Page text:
About three-quarters of poll respondents believe global warming is occurring, and more than half feel we are now being damaged by climate change.
More Americans are Recognizing Climate Change
More Americans than ever before recognize that global warming is real, damaging, and immediately impacts their communities.
In a nationally representative study of 1,006 American adults done by Yale University's program on climate change communication, over three-quarters (76%) believe global warming is occurring, up from 57% in 2010. Meanwhile, 12% of people think that global warming is not happening.
"After a year marked by record-breaking heatwaves, fires, floods, and storms... According to Anthony Leiserowitz, head of Yale's climate change communication program, "Americans are more convinced that global warming is genuine, human-caused, and hazardous - right here, right now."
Caused by Humans
According to the United Nations ' new climate report, humans are the "unequivocal" cause of climate change, and the opportunity to avert terrible living conditions globally due to global warming is fast closing.
However, according to Yale's poll, only 60% of respondents believe that global warming is mainly caused by humans, improving from 46% in 2010. On the other hand, approximately a quarter (27%) believe that natural environmental changes mainly cause global warming.
It's worth mentioning that the United States is firmly split on the issue of climate change. According to the Pew Research Center, 72 percent of Democrats believe human activity contributes "a considerable lot" to climate change, compared to only 22 percent of Republicans. Climate change affects their local neighborhood for most Democrats (83 percent) but fewer than half of Republicans (37 percent ).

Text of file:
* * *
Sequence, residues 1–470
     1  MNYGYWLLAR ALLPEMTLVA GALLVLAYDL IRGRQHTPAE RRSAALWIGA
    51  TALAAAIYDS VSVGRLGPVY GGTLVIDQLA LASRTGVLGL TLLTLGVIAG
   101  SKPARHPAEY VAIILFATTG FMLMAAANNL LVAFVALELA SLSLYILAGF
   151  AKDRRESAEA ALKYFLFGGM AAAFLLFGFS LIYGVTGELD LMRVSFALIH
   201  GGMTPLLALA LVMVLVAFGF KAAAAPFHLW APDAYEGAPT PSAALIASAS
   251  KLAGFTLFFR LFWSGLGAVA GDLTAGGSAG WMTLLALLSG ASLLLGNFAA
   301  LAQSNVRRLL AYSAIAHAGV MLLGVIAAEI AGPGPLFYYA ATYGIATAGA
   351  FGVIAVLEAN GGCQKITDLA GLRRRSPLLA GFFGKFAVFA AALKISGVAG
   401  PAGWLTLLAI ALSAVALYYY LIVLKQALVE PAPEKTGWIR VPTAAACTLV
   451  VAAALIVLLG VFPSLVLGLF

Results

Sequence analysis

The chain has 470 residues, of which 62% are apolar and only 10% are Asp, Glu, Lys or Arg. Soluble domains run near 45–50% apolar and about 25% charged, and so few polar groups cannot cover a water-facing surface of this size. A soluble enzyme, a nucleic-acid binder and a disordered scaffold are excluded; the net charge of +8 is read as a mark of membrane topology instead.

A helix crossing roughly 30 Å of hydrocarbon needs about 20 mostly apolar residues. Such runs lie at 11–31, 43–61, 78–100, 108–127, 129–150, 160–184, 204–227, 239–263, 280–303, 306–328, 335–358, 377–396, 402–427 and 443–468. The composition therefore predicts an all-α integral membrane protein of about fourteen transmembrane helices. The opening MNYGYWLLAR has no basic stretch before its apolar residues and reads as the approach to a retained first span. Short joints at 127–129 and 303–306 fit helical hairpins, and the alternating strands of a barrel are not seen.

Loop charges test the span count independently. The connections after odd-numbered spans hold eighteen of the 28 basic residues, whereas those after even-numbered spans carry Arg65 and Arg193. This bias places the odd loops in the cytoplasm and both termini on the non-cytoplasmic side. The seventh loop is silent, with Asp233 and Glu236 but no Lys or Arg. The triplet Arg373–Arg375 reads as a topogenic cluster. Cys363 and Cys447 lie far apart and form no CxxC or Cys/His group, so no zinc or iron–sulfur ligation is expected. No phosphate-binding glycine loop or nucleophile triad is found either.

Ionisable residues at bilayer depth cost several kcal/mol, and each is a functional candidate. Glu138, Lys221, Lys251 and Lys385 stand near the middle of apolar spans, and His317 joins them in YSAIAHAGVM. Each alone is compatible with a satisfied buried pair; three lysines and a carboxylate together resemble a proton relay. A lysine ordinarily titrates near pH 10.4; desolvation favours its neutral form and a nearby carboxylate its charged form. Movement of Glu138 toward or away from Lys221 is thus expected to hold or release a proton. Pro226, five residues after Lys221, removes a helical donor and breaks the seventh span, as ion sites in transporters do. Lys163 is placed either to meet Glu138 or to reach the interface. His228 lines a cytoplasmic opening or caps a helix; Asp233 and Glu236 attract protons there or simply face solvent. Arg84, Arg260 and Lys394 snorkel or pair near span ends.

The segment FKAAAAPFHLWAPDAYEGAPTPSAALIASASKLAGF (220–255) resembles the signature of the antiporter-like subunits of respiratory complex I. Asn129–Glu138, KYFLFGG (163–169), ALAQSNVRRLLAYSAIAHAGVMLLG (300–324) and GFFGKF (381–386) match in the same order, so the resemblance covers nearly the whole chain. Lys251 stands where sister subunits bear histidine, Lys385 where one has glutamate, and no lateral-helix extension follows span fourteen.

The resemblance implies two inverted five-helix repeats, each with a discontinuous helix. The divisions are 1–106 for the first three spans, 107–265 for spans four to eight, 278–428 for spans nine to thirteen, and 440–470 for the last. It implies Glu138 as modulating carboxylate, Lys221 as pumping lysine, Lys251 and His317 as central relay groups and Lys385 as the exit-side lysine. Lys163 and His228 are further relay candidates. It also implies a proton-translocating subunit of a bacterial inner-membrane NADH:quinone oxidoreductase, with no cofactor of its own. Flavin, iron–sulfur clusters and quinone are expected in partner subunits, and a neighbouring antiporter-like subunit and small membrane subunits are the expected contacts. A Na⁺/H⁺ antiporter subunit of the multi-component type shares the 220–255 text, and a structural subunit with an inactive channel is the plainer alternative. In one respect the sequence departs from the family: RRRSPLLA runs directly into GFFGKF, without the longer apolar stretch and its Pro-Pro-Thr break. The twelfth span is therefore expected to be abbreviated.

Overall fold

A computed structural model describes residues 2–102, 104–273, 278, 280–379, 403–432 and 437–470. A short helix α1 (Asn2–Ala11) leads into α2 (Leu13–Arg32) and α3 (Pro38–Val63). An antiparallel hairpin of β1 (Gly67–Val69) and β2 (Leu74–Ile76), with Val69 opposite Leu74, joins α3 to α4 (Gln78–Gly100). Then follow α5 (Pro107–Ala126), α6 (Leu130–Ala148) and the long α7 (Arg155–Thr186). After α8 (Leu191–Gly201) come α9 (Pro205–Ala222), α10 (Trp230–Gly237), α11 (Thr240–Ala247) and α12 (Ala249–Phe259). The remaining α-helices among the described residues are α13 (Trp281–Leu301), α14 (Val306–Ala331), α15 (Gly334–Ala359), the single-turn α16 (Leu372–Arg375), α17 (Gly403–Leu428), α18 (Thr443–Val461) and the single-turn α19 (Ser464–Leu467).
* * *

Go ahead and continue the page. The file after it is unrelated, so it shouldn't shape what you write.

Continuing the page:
The poor, Black, and Latinx populations are disproportionately exposed to climate change, including slower recovery following natural catastrophes.
More Americans than ever are concerned about global warming: 70% of those polled indicated they were "somewhat concerned," with one-third (35%) saying they were "extremely concerned" - the highest number since these polls started.
In August, global scientists interviewed by HuffPost advised anyone concerned about the climate catastrophe to do one thing: act. Even while massive changes are required, such as initiatives by governments and companies to cut fossil fuel emissions, people may still make a difference.
"If you feel protected if you feel remote, it implies you're not conscious of your vulnerabilities," said Isabel Rivera-Collazo, an assistant professor at the University of California, San Diego. She specializes in human adaptation to climate change. "Climate change is posing such a serious threat to everyone."
The importance of education in promoting climate action cannot be overstated. It enables individuals to comprehend and respond to the effects of the climate catastrophe by equipping them with the information, skills, values, and attitudes necessary to engage as change agents.
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